This is a strange period of inactivity. In the UK despite the grim wet weather, the spring holiday weekend brings everything to a halt including the veterinary practice. We await authorisation from the insurance company to use a magic pill which will slow the progress of DiDi’s disease - however it is very expensive medication and they may not agree to pay. The full six week treatment would cost more that DiDi is valued at. However I suspect the vets are keen to try the medication out to see if it works, since they won’t have many EMPF patients on their books. But we all know that lesions on the lungs don’t heal.
A horse is what it represents to humans because of three fundamental attributes:
- the horse can be trained by man to be ridden and controlled;
the horse is incredibly powerful in its hind quarters,
and the horse has a massive set of lungs which give it the ability to run.
If any of these attributes break down then it becomes unfit for man’s purposes.
We have all heard of the expression ’no feet, no horse’ - in a sense we might just a well say: ’no lungs, no horse’. A horse which coughs should not be worked as the act of repeatedly coughing brings on distress. DiDi is coughing more and more, yet all she is doing is walking around her paddock or standing in the corner of her field in the shelter of the tall hedgerow. On other occasions she will have a ‘freak out’ and run around the field which presumably is when she is feeling some form of distress.
One day she shows lethargy, the next day she will have bursts of hyper activity and be fractious.
With hindsight, it was this very pattern of behaviour, be it to a lesser extent, which started us out on this journey of discovery and despair. The unexpected ulcer infestation accounted for some of the odd patterns of behaviour but the mood swings must be associated with the lung condition, unless there is some other ailment lurking about we have not yet discovered. At times she stands oddly.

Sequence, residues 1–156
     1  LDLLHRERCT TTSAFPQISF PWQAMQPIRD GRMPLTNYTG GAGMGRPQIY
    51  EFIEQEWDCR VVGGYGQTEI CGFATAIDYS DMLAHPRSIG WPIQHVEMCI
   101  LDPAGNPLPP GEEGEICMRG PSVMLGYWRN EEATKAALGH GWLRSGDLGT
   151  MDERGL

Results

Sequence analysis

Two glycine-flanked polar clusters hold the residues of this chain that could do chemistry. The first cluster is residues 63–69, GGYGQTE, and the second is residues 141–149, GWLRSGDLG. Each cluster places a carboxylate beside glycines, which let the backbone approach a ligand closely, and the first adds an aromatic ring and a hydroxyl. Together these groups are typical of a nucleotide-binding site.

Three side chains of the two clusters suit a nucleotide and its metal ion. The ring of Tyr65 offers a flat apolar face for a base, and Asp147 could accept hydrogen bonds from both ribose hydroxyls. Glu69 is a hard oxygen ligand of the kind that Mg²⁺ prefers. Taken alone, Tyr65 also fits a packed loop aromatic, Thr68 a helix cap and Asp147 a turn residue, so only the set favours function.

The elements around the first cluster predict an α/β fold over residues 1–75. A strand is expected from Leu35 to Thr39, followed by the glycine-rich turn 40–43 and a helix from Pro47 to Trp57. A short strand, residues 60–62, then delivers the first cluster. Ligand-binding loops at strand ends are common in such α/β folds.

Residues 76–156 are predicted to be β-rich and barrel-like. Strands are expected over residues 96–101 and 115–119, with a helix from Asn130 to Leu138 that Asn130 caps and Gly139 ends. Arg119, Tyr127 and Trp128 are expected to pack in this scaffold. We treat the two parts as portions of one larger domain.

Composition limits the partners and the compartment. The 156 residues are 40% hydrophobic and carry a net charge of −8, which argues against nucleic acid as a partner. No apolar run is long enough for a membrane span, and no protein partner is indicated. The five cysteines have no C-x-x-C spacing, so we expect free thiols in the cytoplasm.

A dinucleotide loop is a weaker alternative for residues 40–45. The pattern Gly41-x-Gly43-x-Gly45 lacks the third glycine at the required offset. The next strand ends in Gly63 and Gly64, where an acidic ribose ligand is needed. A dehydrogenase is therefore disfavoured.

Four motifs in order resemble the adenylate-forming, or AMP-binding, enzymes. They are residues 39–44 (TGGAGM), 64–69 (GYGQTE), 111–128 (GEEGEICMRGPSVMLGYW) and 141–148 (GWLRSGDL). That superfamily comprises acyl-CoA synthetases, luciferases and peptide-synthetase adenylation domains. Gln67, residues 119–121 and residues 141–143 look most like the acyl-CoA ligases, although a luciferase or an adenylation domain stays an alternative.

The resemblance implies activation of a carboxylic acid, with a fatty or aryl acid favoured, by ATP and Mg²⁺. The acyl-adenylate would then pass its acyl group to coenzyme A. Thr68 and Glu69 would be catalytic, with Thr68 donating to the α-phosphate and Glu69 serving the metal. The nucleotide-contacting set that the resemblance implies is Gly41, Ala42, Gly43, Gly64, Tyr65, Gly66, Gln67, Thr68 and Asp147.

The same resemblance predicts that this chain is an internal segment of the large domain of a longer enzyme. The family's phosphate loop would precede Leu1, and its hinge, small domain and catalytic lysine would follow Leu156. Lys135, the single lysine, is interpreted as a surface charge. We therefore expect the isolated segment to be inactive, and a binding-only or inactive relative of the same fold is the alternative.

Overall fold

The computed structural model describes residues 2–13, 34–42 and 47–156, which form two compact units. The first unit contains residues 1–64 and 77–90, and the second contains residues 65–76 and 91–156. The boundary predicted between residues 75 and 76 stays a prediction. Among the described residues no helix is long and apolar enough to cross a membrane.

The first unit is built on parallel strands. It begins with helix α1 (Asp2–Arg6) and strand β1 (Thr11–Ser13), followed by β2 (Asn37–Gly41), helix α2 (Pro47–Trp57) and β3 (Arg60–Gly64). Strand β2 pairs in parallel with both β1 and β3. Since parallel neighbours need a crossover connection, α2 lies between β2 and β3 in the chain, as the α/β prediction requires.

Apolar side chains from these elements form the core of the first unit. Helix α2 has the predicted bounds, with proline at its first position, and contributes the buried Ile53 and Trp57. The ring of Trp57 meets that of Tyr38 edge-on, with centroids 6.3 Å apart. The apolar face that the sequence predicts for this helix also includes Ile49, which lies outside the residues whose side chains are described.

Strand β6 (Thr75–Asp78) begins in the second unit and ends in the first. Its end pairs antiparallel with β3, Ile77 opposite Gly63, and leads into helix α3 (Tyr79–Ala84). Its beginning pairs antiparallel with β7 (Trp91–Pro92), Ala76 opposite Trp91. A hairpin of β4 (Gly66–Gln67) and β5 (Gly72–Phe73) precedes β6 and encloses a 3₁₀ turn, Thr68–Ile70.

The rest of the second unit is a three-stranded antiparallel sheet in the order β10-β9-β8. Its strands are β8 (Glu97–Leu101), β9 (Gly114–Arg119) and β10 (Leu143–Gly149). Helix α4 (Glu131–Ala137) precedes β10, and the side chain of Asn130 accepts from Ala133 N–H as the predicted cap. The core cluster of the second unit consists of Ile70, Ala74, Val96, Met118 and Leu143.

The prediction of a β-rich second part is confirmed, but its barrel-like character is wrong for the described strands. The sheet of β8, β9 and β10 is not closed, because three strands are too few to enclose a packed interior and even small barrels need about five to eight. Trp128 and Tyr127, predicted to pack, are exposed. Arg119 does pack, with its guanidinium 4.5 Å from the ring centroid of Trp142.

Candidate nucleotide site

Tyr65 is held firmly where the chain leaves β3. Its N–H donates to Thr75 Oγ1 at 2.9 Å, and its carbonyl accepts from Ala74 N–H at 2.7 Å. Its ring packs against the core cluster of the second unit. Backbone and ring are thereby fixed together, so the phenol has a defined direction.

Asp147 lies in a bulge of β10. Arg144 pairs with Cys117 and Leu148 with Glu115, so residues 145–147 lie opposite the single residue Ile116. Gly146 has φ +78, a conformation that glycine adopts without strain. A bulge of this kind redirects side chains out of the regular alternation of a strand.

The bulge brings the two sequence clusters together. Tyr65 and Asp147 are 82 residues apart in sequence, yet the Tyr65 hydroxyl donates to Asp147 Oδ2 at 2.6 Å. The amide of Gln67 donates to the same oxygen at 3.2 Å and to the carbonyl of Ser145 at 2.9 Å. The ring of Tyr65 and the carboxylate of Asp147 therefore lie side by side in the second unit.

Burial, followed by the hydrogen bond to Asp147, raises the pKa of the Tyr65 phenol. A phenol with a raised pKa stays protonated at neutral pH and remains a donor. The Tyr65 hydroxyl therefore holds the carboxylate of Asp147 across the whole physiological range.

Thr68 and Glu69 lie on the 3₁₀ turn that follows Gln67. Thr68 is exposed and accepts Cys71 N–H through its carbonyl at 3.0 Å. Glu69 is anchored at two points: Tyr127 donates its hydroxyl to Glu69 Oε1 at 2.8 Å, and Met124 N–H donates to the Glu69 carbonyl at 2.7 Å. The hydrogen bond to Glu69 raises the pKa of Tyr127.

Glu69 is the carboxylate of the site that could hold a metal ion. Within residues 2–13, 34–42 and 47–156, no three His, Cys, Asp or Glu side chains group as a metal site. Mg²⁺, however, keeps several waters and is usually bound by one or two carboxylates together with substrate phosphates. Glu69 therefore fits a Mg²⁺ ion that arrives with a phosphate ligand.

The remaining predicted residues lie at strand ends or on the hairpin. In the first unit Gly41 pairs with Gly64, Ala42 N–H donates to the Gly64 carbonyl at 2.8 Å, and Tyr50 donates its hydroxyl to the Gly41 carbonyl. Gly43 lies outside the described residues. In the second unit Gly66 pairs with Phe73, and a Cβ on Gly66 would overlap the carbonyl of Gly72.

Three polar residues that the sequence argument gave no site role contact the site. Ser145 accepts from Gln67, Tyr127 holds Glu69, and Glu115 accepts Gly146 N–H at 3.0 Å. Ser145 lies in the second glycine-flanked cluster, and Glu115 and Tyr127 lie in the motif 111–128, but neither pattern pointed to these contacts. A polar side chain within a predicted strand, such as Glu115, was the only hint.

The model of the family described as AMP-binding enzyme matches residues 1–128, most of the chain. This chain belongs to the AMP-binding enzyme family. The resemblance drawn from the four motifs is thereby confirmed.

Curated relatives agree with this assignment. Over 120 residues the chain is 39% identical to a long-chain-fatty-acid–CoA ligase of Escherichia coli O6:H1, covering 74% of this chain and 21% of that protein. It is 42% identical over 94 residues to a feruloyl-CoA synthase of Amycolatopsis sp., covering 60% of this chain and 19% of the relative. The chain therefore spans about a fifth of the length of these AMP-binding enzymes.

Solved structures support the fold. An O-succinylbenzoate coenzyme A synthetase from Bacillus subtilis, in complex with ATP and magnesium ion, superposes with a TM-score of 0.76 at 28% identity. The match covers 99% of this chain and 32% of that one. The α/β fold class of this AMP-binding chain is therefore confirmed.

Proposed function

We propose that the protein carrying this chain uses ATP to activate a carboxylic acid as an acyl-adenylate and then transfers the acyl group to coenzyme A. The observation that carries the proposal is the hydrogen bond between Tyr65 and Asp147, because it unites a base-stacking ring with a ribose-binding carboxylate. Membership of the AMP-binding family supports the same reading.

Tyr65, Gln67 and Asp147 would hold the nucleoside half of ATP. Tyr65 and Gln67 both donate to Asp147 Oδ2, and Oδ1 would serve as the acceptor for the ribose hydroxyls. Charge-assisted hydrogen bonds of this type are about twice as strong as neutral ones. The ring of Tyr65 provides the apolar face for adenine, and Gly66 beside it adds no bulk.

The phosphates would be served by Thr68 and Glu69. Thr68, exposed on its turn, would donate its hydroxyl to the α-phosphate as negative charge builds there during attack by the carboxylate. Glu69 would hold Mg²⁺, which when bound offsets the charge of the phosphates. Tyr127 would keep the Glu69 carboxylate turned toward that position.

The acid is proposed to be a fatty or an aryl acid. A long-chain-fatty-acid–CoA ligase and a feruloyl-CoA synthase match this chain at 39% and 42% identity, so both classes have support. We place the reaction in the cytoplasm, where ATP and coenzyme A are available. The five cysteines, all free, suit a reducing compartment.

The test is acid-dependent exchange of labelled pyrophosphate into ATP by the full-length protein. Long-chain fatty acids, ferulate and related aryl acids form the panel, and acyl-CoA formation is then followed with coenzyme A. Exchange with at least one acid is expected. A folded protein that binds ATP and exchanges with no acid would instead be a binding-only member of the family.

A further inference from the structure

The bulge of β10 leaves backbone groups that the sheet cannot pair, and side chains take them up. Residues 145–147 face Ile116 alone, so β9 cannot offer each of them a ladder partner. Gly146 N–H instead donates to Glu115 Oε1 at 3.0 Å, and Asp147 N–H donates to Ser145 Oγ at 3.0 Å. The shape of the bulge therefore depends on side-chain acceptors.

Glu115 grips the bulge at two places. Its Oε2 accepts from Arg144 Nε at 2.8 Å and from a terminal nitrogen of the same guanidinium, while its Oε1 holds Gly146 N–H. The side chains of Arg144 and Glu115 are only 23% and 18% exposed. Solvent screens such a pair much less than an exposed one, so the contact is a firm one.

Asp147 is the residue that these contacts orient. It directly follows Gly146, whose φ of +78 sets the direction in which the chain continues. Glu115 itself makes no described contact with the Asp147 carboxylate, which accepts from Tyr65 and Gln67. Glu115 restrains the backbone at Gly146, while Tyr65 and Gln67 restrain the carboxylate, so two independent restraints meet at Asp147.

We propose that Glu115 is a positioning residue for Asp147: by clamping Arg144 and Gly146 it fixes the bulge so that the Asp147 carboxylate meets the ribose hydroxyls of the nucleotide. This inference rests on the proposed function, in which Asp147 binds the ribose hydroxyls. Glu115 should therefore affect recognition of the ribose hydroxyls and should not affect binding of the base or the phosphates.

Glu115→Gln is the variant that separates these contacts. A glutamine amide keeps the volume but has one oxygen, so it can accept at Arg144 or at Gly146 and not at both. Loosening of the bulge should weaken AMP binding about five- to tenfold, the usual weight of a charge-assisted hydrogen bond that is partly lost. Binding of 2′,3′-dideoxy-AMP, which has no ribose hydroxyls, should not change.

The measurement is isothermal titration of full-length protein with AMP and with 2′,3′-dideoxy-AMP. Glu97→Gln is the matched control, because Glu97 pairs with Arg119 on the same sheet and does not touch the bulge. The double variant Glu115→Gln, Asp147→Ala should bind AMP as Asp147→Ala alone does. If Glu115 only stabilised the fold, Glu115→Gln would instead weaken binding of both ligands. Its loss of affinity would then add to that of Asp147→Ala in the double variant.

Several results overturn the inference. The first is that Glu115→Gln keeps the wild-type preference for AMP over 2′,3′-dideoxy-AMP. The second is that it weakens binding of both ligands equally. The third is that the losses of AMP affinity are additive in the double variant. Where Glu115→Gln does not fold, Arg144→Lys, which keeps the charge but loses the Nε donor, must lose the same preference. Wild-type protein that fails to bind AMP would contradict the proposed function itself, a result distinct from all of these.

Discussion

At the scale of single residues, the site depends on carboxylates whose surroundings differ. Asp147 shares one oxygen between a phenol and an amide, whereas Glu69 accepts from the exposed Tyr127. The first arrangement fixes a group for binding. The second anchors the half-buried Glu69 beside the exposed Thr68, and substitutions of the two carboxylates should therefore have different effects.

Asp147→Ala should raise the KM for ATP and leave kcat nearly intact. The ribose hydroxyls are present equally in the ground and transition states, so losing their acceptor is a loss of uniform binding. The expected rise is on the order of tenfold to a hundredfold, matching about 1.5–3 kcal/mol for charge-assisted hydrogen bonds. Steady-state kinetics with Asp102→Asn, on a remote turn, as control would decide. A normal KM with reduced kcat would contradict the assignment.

The question of moving her to the fresh green valley has been put on hold and only partly because of the length of the journey. I don’t want her going off out of my sight and control. Anyway she can’t be moved far out of the reach of the vet which already knows about her illness unless there is some improvement in her condition. That green valley might have a role for rest and recuperation but to move her there only makes sense if she is showing signs of recovery. If the medication does its magic then we can think again but she is best left where she is for the time being.
I sorted and cleared away her ‘things’ yesterday. She won’t be needing her saddle or bridles nor all the numbnahs, and the winter stable blankets. Even the nearly new purple lunging surcingle and its blanket will not be needed until she can be exercised again. I sorted them, cleaned them and put them away in storage containers in the tack room at home. All she needs nowadays is her waterproof raincoats and perhaps her fly sheets for when the sun does start to shine and the flies come out in force. Her summer coat has grown on well and from a distance she is looking good - be it a little lean. And to think just a couple of months ago I was starting to enquire about a new dressage saddle for her.
I have noticed that there is no smiling when we talk about her - which is often. I have stopped trying to explain to local well wishers who ask after her well being. If they do ask then invariably my voice breaks and my eyes start to water. I make some brief comment and quickly change the subject.
There is a framed photo of DiDi and me on the shelf opposite my armchair in the lounge. I don‘t like to move it but at the same time I don’t like to look at it. Alongside is a photo of my terrier bitch who went on her way a few weeks ago. Also on the shelf is a photo of my ten year old Rottweiler who is booked in shortly for an operation to remove a fatty lump.
My little family is going through a bad patch, that is for sure.
Writing helps me to clear my mind. I apologise to the readers for the sad tone of this article but as I have said many times before, if we owners had not enjoyed the companionship of a horse (or dog) then we would not feel this awful, debilitating pain when they are in trouble. The grief is perhaps part of the price we pay for owning them.